Finding Wisdom in Unlikely Places

Finding Wisdom in an Unlikely Place
Ecclesiastes 7:1-5
“It is better to go to a house of mourning than to go to a house of feasting.”

Solomon again confronts us with what seems absurd, for he praises the house of mourning over the house of feasting.  This contradicts our own experience.  We love to go to celebrations, a birthday party, a retirement party, or some other event where we celebrate.  We are excited when we can enjoy a wedding but dread going to a funeral.  Yet, in our search for meaning and purpose in life, Solomon encourages us to go to the place of mourning rather than feasting.  Then, in verse three, he makes a statement that seems more in line with the ascetic monks and even the psychological disorder of self-destruction: “Sorrow is better than laughter, for when a face is sad, a heart may be happy.”  This seems contradictory: Happiness is found through the path of sorrow.   However, Solomon is not trying to point us down the road of a joyless life filled only with sorrow.  He is confronting us with the reality of a broken world so that we might learn life's true meaning and purpose.  

To understand the point of Solomon, we need to begin in the first part of verse 1, in which Solomon gives us the overarching theme, “A good name is better than a good ointment” (or literally, “better than good oil”).  In the time of Solomon, olive oil was a prized possession and valued for its versitility and use.  It was used for cooking, as a fuel for lamps, beautification, and healing.  Religiously, it was used to denote consecration to God. This proverbial statement points out that inner character is more important than nourishment and outer perfumes and pleasures.  This is a theme that is repeated throughout the book of Proverbs. For example, in Proverbs 22:1, the sage writes, “A good name is to be more desired than great wealth, Favor is better than silver and gold.”  The key to meaning in life is found in the pursuit of character rather than pleasure.  This brings us to the critical question, “What builds character in our life?” Indeed, it is not in the pursuit of pleasure.  Feasting and laughter, more often than not, serve to conceal the turmoil within us.  It becomes the façade that we use to hide our inward struggles.  The wealthy vainly try to conceal their inward unhappiness with outward parties on luxurious yachts.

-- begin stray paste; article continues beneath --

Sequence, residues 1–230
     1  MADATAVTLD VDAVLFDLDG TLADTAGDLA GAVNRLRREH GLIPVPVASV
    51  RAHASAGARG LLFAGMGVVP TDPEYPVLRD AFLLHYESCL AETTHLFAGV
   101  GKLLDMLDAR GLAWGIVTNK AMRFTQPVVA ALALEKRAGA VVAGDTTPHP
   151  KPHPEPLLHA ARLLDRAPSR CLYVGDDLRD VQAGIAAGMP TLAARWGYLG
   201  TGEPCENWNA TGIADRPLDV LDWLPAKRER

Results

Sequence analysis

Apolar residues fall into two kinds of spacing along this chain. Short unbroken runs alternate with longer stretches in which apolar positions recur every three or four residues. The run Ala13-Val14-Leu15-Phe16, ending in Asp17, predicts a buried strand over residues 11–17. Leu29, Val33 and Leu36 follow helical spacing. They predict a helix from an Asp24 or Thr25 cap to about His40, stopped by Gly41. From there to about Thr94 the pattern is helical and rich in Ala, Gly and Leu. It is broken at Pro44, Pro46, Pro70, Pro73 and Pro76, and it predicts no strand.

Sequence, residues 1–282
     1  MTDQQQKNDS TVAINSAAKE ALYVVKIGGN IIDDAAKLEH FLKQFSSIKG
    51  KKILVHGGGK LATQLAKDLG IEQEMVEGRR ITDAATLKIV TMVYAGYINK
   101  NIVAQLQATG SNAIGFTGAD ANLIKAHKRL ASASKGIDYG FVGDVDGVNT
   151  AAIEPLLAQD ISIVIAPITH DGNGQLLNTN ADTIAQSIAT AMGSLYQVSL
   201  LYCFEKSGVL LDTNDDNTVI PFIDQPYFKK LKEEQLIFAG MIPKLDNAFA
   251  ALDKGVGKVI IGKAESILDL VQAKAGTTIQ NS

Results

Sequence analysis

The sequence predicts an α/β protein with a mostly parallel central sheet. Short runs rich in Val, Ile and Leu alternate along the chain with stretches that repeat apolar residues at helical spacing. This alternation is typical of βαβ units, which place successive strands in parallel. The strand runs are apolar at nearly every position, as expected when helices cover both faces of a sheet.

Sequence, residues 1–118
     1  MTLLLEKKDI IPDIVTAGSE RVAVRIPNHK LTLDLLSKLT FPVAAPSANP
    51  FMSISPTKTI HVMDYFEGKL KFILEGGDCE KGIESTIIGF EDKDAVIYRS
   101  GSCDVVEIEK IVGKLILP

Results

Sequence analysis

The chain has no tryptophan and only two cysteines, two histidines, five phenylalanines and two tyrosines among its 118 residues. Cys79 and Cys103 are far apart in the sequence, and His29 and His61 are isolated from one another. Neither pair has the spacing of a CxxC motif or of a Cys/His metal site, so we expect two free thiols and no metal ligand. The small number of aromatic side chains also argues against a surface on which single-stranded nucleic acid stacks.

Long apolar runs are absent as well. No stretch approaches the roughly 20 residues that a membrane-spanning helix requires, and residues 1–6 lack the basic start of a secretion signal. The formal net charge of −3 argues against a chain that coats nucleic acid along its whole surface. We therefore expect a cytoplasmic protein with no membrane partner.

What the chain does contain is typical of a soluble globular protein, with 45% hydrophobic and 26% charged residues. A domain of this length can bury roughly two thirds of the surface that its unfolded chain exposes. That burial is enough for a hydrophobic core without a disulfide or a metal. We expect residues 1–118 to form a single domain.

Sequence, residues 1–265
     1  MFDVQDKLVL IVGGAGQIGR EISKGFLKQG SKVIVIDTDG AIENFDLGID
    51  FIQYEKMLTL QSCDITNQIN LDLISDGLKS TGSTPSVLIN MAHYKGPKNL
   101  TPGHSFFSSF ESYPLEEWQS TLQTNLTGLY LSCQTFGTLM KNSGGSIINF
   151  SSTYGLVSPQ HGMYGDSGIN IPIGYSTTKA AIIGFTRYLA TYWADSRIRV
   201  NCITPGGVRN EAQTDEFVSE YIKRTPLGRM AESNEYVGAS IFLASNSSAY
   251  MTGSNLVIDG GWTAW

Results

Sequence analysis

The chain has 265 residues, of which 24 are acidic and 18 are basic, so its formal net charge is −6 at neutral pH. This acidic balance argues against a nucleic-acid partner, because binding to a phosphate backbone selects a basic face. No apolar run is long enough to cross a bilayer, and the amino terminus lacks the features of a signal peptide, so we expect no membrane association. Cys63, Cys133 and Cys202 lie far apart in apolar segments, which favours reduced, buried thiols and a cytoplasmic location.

Death is the great equalizer.  It strips away all the facades and reveals the genuine person.  When we lie in the coffin, the only thing that we have is our character; everything else becomes meaningless.  Our culture states, eat, drink, and be merry, for tomorrow, we die.  Solomon reminds us that in death, we face what is essential head-on.  As the Old Testament Commentators Keil and Delitsch point out, “When man looks death in the face, the two things occur to him, that he should make use of his brief life, but make use of it in view of the end, thus in the manner for which he is responsible before God.”  The Psalmist reminds us of this theme when he states, “So teach us to number our days, That we may present to You a heart of wisdom” (Psalm 90:12).  In death, our only possession will be our character and our faith.  This is why we should embrace sorrow and adversity, for our character is developed in life's struggles.  Paul affirms this same truth in Romans 5:3-5, “We also exalt in our tribulation, knowing that tribute nation brings ance; and perseverance, proven character; and proven character, hope.” Adversity is God’s tutor that develops character within us, for it turns our focus from the present to the eternal.  It reminds us that the pursuit of the things of this world is a pursuit of what is empty and valueless.  Instead, we are to pursue what is eternal: Christ's righteousness.  As Paul also summarizes, “For me to live is Christ and to die is gain” Philippians 1:21.  

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